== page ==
- Marisa Demarco
- Tuesday, April 12, 2016
Advocates around the country have been working to limit the use of solitary confinement in jails and prisons. The New Mexico Legislature passed a bill this year that would prohibit putting people who are under 18 or pregnant or who have a serious mental illness into solitary. But last week, Gov. Susana Martinez vetoed it.
Lawyer Matthew Coyte has spent years suing on behalf of local inmates who endured inhumane solitary conditions that damaged their physical and mental health. KUNM spoke with him about the governor’s veto.
COYTE: It’s disappointing. We have had a lot of work on this issue over years. We reached bipartisan support. There were many Republicans as well as Democrats behind the bill at the end of the day. We had interest groups, such as the unions who represent the prison guards, who endorsed the bill.
And then the veto message that came out seemed to have no understanding of all the work that had been done. It really was a veto based on what appeared to be on ignorance.
KUNM: Gov. Susana Martinez wrote in her veto message that the measure oversimplifies and “misconstrues” solitary confinement and would eliminate flexibility. She called it a threat to safety. What’s your take on that issue?
COYTE: I don’t think she read the bill, quite frankly. I don’t think she read it. Because it’s nonsense. I mean, for example, “a threat to safety,” the foremost psychiatrist in charge of CYFD testified that this is a public safety measure that would help public safety. Because children in solitary come out worse. They come out more violent. They come out a public safety threat. So you really want to avoid putting children in solitary confinement if at all possible, and if you do, only for very short periods of time—cool-off periods.
And the bill had flexibility in many respects. It wasn’t a bill that abolished solitary confinement. It abolished it for the particularly vulnerable groups: women who are pregnant, children and the seriously mentally ill. And it’s very difficult for anyone to make a logical argument why any of these vulnerable groups should be in solitary.
KUNM: When I’ve talked to jail administrators and prison guards—not necessarily about this bill but about the use of segregation or solitary confinement—they always say that there has to be a way to separate inmates who are dangerous and violent to other inmates and to staff. And there has to be a place to send them. What do you think about that idea?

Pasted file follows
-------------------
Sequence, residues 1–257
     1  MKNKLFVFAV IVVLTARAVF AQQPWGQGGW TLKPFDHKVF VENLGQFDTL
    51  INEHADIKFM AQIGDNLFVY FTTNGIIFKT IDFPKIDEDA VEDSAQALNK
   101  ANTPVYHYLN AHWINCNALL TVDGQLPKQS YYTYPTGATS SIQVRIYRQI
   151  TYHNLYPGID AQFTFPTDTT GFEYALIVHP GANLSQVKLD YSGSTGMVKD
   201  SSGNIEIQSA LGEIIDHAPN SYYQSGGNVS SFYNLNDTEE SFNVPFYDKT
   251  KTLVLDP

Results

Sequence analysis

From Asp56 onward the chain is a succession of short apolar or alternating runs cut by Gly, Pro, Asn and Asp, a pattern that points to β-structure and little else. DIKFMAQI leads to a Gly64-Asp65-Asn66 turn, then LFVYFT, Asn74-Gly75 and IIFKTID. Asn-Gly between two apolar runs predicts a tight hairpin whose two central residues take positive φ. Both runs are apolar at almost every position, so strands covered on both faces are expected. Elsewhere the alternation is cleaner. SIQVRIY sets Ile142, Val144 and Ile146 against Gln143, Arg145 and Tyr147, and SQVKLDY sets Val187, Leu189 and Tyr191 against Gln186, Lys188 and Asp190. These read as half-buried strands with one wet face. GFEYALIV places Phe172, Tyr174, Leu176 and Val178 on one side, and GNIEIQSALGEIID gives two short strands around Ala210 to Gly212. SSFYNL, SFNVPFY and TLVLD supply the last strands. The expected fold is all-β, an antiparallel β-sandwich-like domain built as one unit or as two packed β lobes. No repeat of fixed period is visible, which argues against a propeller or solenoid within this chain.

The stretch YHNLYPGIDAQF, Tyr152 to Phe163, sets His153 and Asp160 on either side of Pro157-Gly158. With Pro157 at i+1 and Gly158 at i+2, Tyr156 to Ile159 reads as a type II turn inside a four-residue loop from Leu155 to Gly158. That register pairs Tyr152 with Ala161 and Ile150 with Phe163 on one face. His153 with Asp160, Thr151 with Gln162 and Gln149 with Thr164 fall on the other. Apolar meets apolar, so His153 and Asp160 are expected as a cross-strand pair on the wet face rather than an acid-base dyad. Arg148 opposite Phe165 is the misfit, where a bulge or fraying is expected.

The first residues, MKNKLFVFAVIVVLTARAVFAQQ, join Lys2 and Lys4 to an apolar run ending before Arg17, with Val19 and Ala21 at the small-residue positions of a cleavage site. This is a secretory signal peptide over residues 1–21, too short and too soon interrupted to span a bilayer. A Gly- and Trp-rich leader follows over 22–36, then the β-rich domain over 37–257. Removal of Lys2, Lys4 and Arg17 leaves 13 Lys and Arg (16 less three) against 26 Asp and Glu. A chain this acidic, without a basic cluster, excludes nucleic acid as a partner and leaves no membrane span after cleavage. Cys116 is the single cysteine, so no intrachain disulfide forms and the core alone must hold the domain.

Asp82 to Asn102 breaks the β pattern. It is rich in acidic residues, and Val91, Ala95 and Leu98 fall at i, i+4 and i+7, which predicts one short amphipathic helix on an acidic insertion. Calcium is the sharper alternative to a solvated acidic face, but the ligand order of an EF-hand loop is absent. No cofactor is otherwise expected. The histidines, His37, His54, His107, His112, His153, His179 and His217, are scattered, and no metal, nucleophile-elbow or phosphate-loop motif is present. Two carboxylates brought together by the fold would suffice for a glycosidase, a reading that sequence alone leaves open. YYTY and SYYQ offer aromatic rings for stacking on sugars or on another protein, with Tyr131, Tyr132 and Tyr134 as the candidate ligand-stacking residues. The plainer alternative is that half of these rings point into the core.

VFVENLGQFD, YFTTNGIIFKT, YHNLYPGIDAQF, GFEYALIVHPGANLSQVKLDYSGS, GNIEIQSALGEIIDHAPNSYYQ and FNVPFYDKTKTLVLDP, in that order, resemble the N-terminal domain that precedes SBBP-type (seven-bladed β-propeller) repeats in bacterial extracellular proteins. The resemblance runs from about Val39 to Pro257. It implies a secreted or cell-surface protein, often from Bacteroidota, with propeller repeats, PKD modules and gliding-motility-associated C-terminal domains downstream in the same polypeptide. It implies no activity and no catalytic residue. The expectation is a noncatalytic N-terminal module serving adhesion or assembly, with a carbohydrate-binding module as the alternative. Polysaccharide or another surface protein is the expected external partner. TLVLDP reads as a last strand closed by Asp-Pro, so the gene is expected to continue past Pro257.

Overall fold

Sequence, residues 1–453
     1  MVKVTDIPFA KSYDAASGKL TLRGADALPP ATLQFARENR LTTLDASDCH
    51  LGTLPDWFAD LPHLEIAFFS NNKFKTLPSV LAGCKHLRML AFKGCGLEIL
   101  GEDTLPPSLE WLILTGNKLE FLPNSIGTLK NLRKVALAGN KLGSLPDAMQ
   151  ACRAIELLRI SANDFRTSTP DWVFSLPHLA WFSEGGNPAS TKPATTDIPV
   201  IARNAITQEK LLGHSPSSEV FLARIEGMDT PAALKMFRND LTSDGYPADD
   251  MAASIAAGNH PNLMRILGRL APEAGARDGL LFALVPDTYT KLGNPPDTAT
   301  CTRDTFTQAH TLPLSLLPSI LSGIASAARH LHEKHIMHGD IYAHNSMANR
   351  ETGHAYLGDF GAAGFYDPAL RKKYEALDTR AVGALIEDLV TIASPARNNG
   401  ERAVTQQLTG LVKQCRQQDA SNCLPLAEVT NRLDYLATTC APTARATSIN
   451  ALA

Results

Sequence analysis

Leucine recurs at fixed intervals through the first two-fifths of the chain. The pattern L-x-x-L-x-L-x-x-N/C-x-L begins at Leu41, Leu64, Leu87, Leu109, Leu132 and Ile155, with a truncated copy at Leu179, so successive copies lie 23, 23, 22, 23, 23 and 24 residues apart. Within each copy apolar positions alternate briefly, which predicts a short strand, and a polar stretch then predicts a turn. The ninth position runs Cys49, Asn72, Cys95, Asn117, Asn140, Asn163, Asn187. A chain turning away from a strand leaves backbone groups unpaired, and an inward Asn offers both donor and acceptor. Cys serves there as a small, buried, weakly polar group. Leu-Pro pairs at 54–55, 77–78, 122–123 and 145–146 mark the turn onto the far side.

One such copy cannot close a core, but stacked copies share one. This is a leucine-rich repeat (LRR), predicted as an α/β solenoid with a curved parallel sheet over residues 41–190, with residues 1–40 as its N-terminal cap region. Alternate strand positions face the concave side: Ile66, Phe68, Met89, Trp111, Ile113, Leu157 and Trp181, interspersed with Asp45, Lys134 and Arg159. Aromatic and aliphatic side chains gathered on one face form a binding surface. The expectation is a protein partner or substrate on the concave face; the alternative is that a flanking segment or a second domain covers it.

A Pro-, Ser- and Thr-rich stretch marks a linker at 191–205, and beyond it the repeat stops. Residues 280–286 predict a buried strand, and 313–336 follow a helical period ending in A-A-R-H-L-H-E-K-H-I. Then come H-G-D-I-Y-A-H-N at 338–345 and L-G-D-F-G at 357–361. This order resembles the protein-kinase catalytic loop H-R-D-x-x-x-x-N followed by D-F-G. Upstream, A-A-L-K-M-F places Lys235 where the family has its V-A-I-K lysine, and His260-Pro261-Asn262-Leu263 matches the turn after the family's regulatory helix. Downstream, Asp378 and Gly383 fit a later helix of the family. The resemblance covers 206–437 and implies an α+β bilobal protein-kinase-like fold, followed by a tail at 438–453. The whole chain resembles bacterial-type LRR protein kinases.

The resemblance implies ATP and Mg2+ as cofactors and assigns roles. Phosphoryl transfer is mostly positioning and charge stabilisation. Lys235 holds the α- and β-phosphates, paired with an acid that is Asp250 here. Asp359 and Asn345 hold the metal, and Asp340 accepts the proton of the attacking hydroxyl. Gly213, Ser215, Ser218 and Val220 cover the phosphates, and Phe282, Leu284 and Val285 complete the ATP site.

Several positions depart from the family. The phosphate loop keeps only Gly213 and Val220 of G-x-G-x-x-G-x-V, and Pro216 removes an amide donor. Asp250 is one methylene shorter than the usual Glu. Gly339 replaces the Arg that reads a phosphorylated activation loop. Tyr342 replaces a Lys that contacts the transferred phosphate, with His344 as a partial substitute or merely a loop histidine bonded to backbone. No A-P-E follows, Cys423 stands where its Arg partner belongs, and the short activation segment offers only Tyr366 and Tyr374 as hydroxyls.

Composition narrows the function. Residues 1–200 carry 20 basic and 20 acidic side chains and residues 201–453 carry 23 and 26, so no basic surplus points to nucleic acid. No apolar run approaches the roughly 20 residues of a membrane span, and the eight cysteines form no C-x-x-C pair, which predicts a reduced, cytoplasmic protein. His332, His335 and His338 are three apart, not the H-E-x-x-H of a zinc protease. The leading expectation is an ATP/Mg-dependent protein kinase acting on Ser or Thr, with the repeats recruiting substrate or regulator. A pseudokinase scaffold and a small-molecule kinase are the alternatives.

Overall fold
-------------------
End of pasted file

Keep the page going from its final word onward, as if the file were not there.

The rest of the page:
COYTE: Well, it’s a practice that is overused, and there may be moments that solitary is useful. It’s a very rare case and for a short period of time. But this bill didn’t try to do that. It didn’t try to stop the government using solitary confinement on normal people. It tried for children.
So, what you do is best practices. And national practice is tending to move away from solitary, especially in the world of children. And, once again, New Mexico is in a race to the bottom of national standards. We’re headed back, after the veto of this bill, in the wrong direction—downhill.
KUNM: You’ve brought a lot of these solitary confinement cases to court over the last few years. What’s at stake for people who find themselves behind bars?
COYTE: It’s torturous. The people that I sue on behalf of have been in solitary for months and months at a time. They’re often covered in feces. They’re defecating into holes in the floor of their cells. Often they’re naked. It’s appalling. It’s a human rights issue that we don’t, as the public, generally know about.
Well, we do now, because it’s cost us nearly $30 million in the last five years in lawsuits.
KUNM: Like you mentioned, counties around New Mexico have had to pay millions of dollars in settlements in these cases after the fact. Do you think better laws around solitary confinement could save money in the long run?
COYTE: Absolutely. This would put people like me out of business. If this law went into effect, then I wouldn’t be suing every county—you should see the number of counties I’ve sued so far.
And it will cost us more and more as the years go by. And the governor has just increased that length of time where we’re going to be as taxpayers paying. Remember I’m a taxpayer, too. I see the waste. It’s not just a human rights issue. It’s a fiscal issue.
KUNM: What keeps you fighting these cases?
COYTE: They’re very depressing, let me tell you. It’s a horrible set of facts to be involved in on a day-to-day basis. But, you know, it’s the right thing to do. You have to stand up and fight against something that’s so obviously wrong.
KUNM tried to get more information about why Gov. Martinez vetoed this measure when the cases are costing New Mexico counties millions, but the governor’s spokespeople referred us back to the veto message. For more of our reporting about the criminal justice system check out2017 Legi the series New Mexico Behind Bars.